Bob Wallace said...

"The PUAs and Gamers...are comprised mostly of men who bear the deepest afflictions of a fatherless culture. Abandoned to feminist governance by their male elders and bereft of masculine guidance, they have been dropped into the solipsistic void that was the only existence feminism ever could have offered them outside direct servitude. Stripped of values and consciousness and the ability to be circumspect, they have turned feral; so unable to form community or embrace brotherhood that they have shrugged off the desire for either." - Paul Elam

Spacetraveller said...

@ Bob,

Not allManosphere is bad, surely!
Some Manosphere blogs are spot on int heir insight on our current world.
Yes, some are not so kosher...

@ Marellus,

What animal are you?
Um, dare I ask...

@ Danny,


I had NO idea about wolves, other than the negative press I got from fairy tales as a kid.

I think you are a bear, Danny. Am I right?

Do they do hamsterectomies at your hospital?
We could have a double date with surgeons. You for your vas, me for my hamster.

(Um, will you pick up the tab for both??)

Bob Wallace said...

@ Space Traveller,

"Not allManosphere is bad, surely!
Some Manosphere blogs are spot on int heir insight on our current world.
Yes, some are not so kosher..."

The discussions of what a man is supposed to be has been going on for 3000 years. It happens every generation.

The same bad concepts (PUA/Game/"Alpha") comes up every generation and is shot down every time.

just visiting said...

@ Bob

I think some of the problem stems in what age certain influences take root or if there is a template to follow in the first place. You had Burrough's influence from a young age, which helped incorporate that into your core self.
You were able to see a working model of strong masculinity coupled with character and principals. Then, I'm going to assume that you "played" with these traits, tried them out on the people around them, and over time, made them your own.

A lot of the men walking around have never seen a working model of that kind of alpha. Can't even imagine it, and if they read it in a book, they'd figure it was just made up. That such men are the figurings of the imagination only. Or that you couldn't be like that in this day and age.

It took me a while to realize this. That the only version of alpha that they know and have actually witnessed in their lives are cads. Not all of the guys in the sphere, but most.

just visiting said...

@ Bob

I think you'll enjoy Stingray's recent post "Reclaiming The Ability To Think." The link can be found in the sidebar of blogs that ST respects.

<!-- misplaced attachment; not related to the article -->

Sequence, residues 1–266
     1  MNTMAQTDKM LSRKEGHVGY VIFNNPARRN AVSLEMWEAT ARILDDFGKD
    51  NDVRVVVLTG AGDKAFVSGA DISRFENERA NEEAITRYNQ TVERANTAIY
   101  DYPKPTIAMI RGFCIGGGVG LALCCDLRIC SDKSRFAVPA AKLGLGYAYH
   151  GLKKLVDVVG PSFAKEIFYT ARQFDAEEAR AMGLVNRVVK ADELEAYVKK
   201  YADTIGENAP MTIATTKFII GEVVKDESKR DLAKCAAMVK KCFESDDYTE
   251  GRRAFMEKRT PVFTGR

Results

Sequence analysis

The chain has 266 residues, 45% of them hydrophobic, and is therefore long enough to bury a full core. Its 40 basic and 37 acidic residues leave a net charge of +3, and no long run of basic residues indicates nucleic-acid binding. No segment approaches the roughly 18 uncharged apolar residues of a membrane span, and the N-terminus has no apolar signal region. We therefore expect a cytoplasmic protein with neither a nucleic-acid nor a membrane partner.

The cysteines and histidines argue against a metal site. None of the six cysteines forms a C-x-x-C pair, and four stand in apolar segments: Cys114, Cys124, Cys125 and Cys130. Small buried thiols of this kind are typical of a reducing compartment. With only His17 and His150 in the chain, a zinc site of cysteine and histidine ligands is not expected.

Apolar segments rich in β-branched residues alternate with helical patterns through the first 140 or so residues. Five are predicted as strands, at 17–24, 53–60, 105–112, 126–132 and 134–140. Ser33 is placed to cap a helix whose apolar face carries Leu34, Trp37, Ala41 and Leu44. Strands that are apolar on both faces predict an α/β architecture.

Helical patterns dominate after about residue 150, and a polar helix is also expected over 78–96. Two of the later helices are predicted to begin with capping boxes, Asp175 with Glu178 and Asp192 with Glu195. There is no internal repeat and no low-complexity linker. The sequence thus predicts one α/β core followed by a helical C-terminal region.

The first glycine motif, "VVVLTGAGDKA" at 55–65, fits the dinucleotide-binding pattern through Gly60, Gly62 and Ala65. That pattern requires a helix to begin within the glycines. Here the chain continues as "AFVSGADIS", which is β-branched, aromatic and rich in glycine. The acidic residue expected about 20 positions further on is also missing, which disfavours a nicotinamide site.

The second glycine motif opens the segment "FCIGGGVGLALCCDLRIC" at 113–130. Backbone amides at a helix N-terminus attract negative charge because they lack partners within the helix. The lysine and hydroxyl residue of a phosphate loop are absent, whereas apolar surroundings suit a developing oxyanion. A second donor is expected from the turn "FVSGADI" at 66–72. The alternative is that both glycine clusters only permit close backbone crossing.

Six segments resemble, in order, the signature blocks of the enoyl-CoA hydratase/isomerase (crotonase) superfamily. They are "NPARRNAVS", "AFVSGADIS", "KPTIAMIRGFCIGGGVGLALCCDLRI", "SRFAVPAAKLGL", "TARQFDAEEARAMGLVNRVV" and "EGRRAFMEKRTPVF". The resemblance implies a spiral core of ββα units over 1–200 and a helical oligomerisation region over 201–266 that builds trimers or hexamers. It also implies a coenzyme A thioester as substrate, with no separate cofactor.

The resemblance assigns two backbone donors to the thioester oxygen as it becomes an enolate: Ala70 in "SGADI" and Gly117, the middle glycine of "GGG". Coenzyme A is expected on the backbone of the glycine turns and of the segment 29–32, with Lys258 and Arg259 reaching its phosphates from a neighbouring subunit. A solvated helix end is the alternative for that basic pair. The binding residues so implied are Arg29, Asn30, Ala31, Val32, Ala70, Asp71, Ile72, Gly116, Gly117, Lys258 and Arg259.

Spacetraveller said...

I will check it out too.
I always find Stingray's blog very informative (On the rock) as well as Jacquie's (barefoot in a clearing). They come as a double act, lol.

Which begs the question, when are YOU gonna start your blog, JV?

You are the Deti of the femosphere...
Full of good old-fashioned wisdom that is missing from our current world.
If you had had a daughter, she'd be like gold dust to some lucky man one day.

Spacetraveller said...

@ Danny,

Now I understand your comment about my asking re wolves.

You are a lone wolf!
I shoulda known what a wolf is, yes. 'Cos that's you!

Spacetraveller said...

@ Danny,

Now I understand your comment about my asking re wolves.

You are a lone wolf!
I shoulda known what a wolf is, yes. 'Cos that's you!

Bob Wallace said...

@ just visiting

"I think some of the problem stems in what age certain influences take root or if there is a template to follow in the first place."

Model, mentors and mirrors. Many of them damage children today.

Stingray's post was very good. Thanks!

just visiting said...

@ Bob

Yes, many of the role models are damaging. It worries me.

@ ST

Very high praise indeed! Thank you!
I've been asked about blogging a few times. I have to admit that it seems rather daunting. My big insecurity is starting a blog and nobody visiting,lol.

dannyfrom5094 said...


i am indeed a wolf. i actually work with about 5 other wolves. lol.

and sorry, lol. hamsterectomies are completely out of the question. there've been attempted, but none have been successful.

Marellus said...


I am a sabre-tooth bunny.

Spacetraveller said...

@ JV,

You would have no problem attracting Red Pill-minded folks to your blog's door! Seriously.

@ Danny,

Yes, I see indeed that you are very much a wolf.
But with a bear quality or two lol.

@ Marellus,

A bunny?
I knew you would be an animal I hadn't yet mentioned...
Speaking of bunnies, there is of course Bugs Bunny...
He's cute. I like him. or more specifically, I like his two teeth.
But he doesn't seem to get the girl. He's more of a goofy character that likes to joke around...he's the geek of the cartoon world :-D

This German-speaking Bugs Bunny has piano he and I could get better acquanited if he asks...

just visiting said...

@ ST

Thank-you for the vote of confidence.

@ Marellus

I suddenly pictured a jackalope. (Yeah, I know, antlers instead of sabre toothed, lol)